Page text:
Author Topic: Lockheed Martin proposes a mega-lunar lander: 62 tons and an elevator  (Read 10844 times)

Offline GWH

You do know that these chemicals are manufactured on earth in industrial quantities, while methane isn't?
For the reasons that water isn't harvested in the form of ice locket in frozen soil, its perfectly available for most applications in the form of natural gas.

Quote
That means the manufacturing is well understood.
In regards to ISRU, one question that rarely comes up is whether or not manufacturing of a chemical is an understandable process. Rather it's available quantities of the chemical components and the complexity of the process.
So what's the value in making that process more complicated?
Rather than say it's a total dead end, I should have said "It's a more complicated path that no one seems to be interested in pursuing vs. the handful talking about the market propellants directly derived from water ice today."

Quote
Just don't fire the thing near earth. Mars is already hazardous due to perchorates. Venus is full of sulfuric acid. The moon dust is hazardous, while the lunar water deposits contains chemical poisons. If you really are this worried about this, you should be freaking out about nitrogen oxides from cars - of which some of it is naturally NTO.

 :o Ummm.... maybe concerns about launch failures in launching from Earth? Seeing as how the entire plan outlined in the paper is reliant on Earth sourced propellant. You can hand wave away those concerns all you want, but it can pretty well be guaranteed to come up as an issue.
« Last Edit: 10/10/2018 01:31 AM by GWH »

Online Joseph Peterson

  • Member
  • Posts: 97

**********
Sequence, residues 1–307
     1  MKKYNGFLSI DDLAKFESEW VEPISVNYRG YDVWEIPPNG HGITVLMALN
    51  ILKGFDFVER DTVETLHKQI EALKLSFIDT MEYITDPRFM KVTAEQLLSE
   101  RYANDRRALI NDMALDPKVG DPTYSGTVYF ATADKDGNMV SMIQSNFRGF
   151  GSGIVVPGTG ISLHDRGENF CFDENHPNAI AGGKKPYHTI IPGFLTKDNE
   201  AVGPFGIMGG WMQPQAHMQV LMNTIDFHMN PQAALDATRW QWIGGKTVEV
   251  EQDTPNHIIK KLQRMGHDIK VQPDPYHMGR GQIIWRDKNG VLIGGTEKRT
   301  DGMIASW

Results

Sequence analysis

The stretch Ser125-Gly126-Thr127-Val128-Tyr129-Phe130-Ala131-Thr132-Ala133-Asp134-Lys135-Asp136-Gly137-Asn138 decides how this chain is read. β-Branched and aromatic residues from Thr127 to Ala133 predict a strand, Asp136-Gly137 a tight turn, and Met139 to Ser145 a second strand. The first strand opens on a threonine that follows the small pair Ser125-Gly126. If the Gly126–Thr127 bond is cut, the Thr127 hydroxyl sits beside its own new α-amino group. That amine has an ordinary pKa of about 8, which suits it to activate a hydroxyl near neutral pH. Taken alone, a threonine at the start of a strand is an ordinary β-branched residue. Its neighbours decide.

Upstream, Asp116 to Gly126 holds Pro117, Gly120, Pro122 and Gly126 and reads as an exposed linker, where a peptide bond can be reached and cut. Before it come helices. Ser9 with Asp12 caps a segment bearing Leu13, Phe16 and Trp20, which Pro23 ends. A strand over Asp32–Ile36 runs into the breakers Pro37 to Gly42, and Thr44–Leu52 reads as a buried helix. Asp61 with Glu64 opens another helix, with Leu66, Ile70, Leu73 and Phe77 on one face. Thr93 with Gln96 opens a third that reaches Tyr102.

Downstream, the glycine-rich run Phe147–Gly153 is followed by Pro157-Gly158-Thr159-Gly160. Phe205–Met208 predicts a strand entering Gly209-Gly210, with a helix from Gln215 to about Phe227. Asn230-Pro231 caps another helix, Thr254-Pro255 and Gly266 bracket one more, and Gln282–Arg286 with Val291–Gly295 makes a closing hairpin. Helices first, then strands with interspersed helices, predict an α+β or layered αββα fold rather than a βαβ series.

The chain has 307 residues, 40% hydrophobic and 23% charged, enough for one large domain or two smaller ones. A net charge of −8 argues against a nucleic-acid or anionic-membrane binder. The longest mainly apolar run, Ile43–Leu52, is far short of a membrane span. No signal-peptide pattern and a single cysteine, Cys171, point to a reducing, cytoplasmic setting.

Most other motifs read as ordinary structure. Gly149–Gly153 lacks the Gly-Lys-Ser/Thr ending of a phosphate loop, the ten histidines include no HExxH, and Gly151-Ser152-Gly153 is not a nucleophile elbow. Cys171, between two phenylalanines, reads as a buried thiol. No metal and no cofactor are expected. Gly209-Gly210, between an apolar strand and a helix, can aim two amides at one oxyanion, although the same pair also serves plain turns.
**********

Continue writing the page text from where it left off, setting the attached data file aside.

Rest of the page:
• Pittsburgh, PA
  • Liked: 46
  • Likes Given: 982
Few things would be worse than plans for another hypergolic fueled lander.  >:(

...

It has no commonality with propellants of any modern western rocket in use or on the drawing board (meaning any use of excess propellant is a no go).

If you limit yourself to launch vehicles and ignore Orion, Dragon, Cygnus, Starliner, Gateway, deep space probes, commercial satellites, space telescopes, or basically everything but launch vehicles that uses chemical propulsion, sure.
If ZBLAN can't pay for commercial stations, we'll just have to keep looking until we find other products that can combine to support humans earning a living in space.

Online brickmack

  • Full Member
  • ****
  • Posts: 489
  • USA
  • Liked: 192
  • Likes Given: 15
None of that is relevant to the excess propellant issue

Online Joseph Peterson

  • Member
  • Posts: 97
  • Pittsburgh, PA
  • Liked: 46
  • Likes Given: 982
None of that is relevant to the excess propellant issue

Was this a reply to me?

If so, how is virtually every spacecraft using the same storable propellant type not relevant to the hypothetical excess hypergolic propellant issue?
If ZBLAN can't pay for commercial stations, we'll just have to keep looking until we find other products that can combine to support humans earning a living in space.

Tags: